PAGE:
References

  1. ^ [1]
  2. ^ "Privatizing Railways", Iran Daily, 2006-12-30. 
  3. ^ "Iran Manufactures 1st Express Train", Iran Daily, 2007-02-03. 
  4. ^ David Brice. "Iran plans 50% network expansion as Mashhad - Bafgh line opens", Railway Gazette International, 2005-05-01. 
  5. ^ http://www.railpage.com.au/f-t11332208.htm RailPage
  6. ^ "Iran Iraq links", Railway Gazette International, 2005-09-01. 
  7. ^ Dr John Stubbs. "Closing the gap from Bam to Zahedan", Railway Gazette International, 2007-01-01. 
  8. ^ "Pointers", Railway Gazette International, 2007-02-01. 

Year 2006 (MMVI) was a common year starting on Sunday of the Gregorian calendar. ... is the 364th day of the year (365th in leap years) in the Gregorian calendar. ... Year 2007 (MMVII) is the current year, a common year starting on Monday of the Gregorian calendar and the AD/CE era in the 21st century. ... is the 34th day of the year in the Gregorian calendar. ... Railway Gazette International is a monthly business journal covering the railway, metro, light rail and tram industries worldwide. ... Year 2005 (MMV) was a common year starting on Saturday (link displays full calendar) of the Gregorian calendar. ... is the 121st day of the year (122nd in leap years) in the Gregorian calendar. ... Railway Gazette International is a monthly business journal covering the railway, metro, light rail and tram industries worldwide. ... Year 2005 (MMV) was a common year starting on Saturday (link displays full calendar) of the Gregorian calendar. ... is the 244th day of the year (245th in leap years) in the Gregorian calendar. ... Railway Gazette International is a monthly business journal covering the railway, metro, light rail and tram industries worldwide. ... Year 2007 (MMVII) is the current year, a common year starting on Monday of the Gregorian calendar and the AD/CE era in the 21st century. ... is the 1st day of the year in the Gregorian calendar. ... Railway Gazette International is a monthly business journal covering the railway, metro, light rail and tram industries worldwide. ... Year 2007 (MMVII) is the current year, a common year starting on Monday of the Gregorian calendar and the AD/CE era in the 21st century. ... is the 32nd day of the year in the Gregorian calendar. ...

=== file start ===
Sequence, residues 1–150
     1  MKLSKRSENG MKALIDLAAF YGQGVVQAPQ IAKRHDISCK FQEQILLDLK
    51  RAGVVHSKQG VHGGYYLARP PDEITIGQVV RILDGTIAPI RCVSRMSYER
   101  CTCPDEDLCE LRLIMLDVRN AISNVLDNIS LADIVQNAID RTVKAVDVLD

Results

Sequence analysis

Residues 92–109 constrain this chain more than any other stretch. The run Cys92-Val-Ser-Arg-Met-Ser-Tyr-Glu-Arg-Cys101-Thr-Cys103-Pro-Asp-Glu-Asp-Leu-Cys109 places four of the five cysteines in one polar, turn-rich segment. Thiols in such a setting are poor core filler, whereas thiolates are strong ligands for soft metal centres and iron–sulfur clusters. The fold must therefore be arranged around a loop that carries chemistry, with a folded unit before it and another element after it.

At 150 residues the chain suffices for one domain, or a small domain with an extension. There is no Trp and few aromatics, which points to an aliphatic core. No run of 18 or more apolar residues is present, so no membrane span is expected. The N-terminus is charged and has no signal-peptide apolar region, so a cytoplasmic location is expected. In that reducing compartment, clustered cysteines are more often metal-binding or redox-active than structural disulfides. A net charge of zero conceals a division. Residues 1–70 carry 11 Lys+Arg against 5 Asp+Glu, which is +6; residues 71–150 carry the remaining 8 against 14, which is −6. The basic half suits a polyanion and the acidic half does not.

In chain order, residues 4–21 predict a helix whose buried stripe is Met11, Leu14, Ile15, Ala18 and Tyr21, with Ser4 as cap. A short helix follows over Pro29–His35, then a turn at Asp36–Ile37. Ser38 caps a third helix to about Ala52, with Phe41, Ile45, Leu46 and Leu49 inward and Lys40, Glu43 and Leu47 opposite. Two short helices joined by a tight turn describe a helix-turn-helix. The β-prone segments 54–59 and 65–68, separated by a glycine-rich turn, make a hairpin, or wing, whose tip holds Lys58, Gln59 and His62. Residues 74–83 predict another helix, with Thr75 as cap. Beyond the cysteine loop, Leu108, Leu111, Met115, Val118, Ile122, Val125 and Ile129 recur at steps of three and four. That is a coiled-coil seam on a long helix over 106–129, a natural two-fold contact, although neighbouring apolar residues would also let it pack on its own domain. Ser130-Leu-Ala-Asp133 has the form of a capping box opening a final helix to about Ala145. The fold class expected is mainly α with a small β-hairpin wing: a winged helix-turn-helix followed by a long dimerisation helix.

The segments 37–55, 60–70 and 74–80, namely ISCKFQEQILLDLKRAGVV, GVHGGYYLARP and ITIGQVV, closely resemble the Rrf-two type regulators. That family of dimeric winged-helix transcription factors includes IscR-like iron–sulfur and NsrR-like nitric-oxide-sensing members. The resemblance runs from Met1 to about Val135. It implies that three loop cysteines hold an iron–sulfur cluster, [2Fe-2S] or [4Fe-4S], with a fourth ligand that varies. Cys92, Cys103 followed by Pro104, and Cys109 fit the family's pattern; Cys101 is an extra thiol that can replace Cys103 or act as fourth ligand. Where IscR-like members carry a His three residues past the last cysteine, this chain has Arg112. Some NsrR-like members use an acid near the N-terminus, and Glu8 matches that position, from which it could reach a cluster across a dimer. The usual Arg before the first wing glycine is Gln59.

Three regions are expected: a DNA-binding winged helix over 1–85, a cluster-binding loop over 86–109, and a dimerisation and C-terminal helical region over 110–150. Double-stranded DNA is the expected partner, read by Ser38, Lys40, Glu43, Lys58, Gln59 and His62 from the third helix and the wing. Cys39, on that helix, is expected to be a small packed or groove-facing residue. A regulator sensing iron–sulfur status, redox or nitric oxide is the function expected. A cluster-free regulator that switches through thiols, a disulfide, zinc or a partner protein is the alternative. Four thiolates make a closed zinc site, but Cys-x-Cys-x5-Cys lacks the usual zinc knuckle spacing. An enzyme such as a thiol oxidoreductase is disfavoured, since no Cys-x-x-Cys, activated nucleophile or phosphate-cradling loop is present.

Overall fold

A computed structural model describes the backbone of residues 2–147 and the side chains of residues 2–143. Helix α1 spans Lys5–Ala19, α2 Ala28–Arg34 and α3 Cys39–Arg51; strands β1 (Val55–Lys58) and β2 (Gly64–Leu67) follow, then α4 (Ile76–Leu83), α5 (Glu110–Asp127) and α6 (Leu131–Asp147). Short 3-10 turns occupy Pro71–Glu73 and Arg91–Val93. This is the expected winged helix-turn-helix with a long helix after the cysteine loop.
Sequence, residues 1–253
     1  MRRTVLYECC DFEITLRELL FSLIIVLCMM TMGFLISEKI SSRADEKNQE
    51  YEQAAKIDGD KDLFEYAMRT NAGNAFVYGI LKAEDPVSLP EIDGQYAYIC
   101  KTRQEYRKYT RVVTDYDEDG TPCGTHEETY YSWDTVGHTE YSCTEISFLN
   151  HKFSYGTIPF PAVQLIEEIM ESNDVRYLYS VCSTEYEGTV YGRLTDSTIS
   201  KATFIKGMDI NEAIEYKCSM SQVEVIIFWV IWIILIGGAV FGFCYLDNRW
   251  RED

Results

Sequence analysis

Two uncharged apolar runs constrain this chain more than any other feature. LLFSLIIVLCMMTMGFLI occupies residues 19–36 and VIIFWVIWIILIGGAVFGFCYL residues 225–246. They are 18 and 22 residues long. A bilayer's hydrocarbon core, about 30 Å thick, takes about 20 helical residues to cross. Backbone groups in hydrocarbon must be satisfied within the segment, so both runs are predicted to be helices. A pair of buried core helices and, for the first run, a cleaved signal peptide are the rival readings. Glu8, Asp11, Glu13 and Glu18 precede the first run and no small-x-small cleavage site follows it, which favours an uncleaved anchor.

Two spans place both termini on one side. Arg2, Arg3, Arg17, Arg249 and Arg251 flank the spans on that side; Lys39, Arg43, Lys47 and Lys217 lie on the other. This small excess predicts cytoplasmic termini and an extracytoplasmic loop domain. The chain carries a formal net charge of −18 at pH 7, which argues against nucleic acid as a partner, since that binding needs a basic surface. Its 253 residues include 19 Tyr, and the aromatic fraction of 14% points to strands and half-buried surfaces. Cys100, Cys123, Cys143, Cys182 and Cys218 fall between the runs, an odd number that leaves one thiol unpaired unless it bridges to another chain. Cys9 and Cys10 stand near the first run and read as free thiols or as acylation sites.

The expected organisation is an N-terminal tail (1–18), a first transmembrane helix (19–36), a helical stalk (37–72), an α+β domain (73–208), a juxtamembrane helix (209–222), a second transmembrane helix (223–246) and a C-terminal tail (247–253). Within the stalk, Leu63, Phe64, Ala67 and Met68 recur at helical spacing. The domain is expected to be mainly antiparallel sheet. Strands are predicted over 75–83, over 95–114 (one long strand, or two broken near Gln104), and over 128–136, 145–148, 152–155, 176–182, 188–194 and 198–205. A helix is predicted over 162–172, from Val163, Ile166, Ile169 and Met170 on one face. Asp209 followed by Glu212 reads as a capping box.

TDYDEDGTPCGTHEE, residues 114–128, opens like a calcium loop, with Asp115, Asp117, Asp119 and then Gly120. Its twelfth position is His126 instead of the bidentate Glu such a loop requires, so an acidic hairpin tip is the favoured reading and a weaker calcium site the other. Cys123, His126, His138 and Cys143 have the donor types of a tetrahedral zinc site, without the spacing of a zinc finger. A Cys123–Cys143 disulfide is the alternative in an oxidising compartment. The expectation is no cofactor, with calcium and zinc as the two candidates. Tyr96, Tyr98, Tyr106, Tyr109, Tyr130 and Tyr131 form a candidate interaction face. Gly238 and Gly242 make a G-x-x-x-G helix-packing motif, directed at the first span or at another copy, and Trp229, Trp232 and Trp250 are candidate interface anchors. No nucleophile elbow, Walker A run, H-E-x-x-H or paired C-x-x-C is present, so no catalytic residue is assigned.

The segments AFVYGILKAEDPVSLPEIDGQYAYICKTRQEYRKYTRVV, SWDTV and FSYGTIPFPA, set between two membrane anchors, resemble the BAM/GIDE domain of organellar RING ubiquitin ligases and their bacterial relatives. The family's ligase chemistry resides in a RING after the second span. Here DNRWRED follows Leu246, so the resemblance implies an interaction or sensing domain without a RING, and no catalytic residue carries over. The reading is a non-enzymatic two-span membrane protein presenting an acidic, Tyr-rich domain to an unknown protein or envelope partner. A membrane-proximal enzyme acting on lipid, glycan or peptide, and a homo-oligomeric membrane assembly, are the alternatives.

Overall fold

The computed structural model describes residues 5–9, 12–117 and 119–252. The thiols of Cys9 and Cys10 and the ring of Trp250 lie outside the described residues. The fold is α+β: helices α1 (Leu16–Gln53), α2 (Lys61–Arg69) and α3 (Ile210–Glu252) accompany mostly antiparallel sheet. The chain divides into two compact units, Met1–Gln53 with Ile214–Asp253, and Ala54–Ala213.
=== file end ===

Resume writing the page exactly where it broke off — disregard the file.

See also

Wagon Pars is an Iranian train manufacturing company established in 1974. ... // Railways total: 6,130 km broad gauge: 94 km 1. ... Rah Ahan (راه آهن in Persian) is a football team based in Tehran, Iran. ...

External links

  • Official Website
  • Ministry of transportation website
  • Raja website
  • North–South corridor
  • Unofficial website
  • 2005 update on status of Iran's railways
This is a list of countries spanning more than one continent. ...